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Book and Arts Review

INDIANAPOLIS: Preventable medical error is now the nation’s third leading cause of death, according to a recent study from the Surgical Department of Johns Hopkins University School of Medicine. Without transparent care in hospitals, many patients continue to suffer great harm without ever knowing what happened to them. This public health issue requires more public knowledge and research funding as well as increased awareness within the medical community.

 

Donna Helen Crisp, JD, MSN, RN, PMHCNS-BC, went into her surgery with the expectation of only an overnight stay. What happened during and after her surgery was out of her control. Due to a series of preventable medical errors, Crisp spent weeks on an ICU ventilator in a drug-induced coma and underwent four additional surgeries. She received little to no explanation from her doctor and healthcare providers.

In an effort to find the truth, Crisp eventually learned that preventable medical error is a serious and pervasive issue in healthcare nationwide. She shares her story from her perspective, as a nurse, lawyer, and patient, in Anatomy of Medical Errors: The Patient in Room 2, published by the Honor Society of Nursing, Sigma Theta Tau International (STTI).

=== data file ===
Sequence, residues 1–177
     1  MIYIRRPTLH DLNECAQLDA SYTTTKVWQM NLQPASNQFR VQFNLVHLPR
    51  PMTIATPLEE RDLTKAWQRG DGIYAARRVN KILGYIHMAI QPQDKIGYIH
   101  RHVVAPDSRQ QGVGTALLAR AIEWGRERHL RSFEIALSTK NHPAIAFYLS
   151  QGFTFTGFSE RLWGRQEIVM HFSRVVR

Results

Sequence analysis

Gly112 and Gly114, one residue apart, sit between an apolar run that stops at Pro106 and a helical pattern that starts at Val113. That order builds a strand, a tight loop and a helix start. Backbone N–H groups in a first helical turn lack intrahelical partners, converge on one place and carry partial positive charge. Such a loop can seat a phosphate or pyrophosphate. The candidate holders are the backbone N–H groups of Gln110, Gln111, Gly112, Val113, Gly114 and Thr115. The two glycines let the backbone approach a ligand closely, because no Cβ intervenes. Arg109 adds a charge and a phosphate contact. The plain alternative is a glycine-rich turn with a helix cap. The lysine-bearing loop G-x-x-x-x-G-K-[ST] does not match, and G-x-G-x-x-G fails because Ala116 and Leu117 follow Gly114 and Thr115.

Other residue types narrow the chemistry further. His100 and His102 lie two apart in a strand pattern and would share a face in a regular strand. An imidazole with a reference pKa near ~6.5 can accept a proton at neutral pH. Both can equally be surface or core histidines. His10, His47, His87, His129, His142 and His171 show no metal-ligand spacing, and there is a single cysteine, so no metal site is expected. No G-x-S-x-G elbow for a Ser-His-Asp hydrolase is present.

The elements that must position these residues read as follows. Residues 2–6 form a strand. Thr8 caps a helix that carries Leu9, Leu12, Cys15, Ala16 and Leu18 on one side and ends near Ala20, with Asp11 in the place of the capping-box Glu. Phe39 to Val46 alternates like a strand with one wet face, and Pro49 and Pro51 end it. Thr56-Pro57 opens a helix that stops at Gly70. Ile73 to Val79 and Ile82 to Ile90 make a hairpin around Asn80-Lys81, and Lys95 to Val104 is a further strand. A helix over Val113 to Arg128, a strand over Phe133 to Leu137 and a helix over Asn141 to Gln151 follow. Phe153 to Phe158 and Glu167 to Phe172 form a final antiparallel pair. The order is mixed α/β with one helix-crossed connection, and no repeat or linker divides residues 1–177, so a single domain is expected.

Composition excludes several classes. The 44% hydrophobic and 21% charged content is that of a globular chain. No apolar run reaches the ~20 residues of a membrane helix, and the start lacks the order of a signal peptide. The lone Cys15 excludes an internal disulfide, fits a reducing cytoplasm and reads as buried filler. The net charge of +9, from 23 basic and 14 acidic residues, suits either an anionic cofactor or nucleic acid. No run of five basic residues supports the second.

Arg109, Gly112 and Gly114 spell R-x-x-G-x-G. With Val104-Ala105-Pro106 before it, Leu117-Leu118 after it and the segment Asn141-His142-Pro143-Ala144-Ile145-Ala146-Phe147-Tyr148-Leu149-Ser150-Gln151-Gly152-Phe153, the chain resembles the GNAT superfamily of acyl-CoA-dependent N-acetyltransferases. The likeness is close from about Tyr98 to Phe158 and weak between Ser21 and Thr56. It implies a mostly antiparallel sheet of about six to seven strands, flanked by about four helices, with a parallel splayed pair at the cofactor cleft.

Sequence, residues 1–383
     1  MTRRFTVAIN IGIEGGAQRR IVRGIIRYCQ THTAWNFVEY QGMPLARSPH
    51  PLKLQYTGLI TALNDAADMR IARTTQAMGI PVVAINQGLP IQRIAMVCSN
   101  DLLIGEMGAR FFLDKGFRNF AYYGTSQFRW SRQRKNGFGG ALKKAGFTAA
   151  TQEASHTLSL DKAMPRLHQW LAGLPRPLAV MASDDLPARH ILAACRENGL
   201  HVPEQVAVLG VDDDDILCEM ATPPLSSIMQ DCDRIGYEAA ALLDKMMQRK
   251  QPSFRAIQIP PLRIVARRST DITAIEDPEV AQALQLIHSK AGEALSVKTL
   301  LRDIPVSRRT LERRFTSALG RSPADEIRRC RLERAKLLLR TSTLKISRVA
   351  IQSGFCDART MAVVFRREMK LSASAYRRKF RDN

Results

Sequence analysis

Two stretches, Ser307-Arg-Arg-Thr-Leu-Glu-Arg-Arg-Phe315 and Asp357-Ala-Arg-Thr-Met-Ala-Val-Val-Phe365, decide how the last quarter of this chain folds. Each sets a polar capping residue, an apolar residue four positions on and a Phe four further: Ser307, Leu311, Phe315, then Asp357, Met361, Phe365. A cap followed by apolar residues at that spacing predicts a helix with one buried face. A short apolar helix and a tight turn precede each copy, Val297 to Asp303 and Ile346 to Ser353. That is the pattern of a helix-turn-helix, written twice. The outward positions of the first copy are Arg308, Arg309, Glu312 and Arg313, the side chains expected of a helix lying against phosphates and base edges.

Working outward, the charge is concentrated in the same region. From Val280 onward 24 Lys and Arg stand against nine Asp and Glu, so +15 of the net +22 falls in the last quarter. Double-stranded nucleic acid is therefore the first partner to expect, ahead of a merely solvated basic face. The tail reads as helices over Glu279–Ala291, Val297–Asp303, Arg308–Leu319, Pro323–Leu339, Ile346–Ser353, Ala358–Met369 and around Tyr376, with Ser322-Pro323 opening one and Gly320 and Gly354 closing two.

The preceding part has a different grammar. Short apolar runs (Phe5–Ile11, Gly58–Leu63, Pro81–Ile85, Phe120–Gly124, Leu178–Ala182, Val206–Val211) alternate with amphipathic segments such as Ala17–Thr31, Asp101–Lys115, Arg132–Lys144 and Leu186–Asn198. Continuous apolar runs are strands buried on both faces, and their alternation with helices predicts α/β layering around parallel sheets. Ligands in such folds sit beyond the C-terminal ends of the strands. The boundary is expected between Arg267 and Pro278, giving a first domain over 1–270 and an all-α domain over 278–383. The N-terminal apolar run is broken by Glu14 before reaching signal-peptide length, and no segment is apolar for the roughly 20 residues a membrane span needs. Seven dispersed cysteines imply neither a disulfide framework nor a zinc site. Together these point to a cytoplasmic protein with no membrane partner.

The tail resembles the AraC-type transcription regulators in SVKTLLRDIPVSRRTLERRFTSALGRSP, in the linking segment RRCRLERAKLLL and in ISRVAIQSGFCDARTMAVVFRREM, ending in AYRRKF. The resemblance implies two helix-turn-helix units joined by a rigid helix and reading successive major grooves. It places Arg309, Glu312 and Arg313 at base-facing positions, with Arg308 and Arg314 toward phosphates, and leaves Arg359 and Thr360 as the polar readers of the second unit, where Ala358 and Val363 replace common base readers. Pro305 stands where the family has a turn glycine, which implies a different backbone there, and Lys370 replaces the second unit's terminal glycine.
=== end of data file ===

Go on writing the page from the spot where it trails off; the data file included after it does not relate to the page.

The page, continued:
This firsthand account reveals the ethical issues and dysfunction within many healthcare facilities and includes guidance for healthcare professionals on how to prevent or avoid potentially dangerous situations, recognize warning signs, and work collaboratively to provide safe and transparent patient care. Crisp acts as a voice for victims with the intention of contributing to a national conversation about improving medical care in hospitals.

“People cannot solve a problem if they do not know they have a problem,” Crisp says. “The book looks at the bigger picture of how healthcare is delivered, especially in hospitals and teaching hospitals.”

About the author

Donna Helen Crisp, JD, MSN, RN, PMHCNS-BC, became a nurse in 1992 after working in social work, law, and music. After earning her BSN and MSN degrees, she became a mental health clinical nurse specialist in adult psychiatry. She has worked with clients of all ages in various hospitals, long-term care facilities, clinics, homes, and private practice. Whether in the role of staff nurse, supervisor, administrator, consultant, or teacher, she focuses on the person’s suffering.

After teaching in the community college system for five years, Crisp became an assistant professor at the UNC Chapel Hill School of Nursing, where she taught for six years in the undergraduate and graduate programs. Her nursing research has focused on chronic illness, suffering, quality of life, advance directives, ethical decision-making, and forgiveness. She has presented on these topics at numerous conferences. Her abiding passion continues to focus on the recognition and amelioration of suffering, wherever it exists. She lives in Asheville, North Carolina, where she works as a nurse and writes about nursing.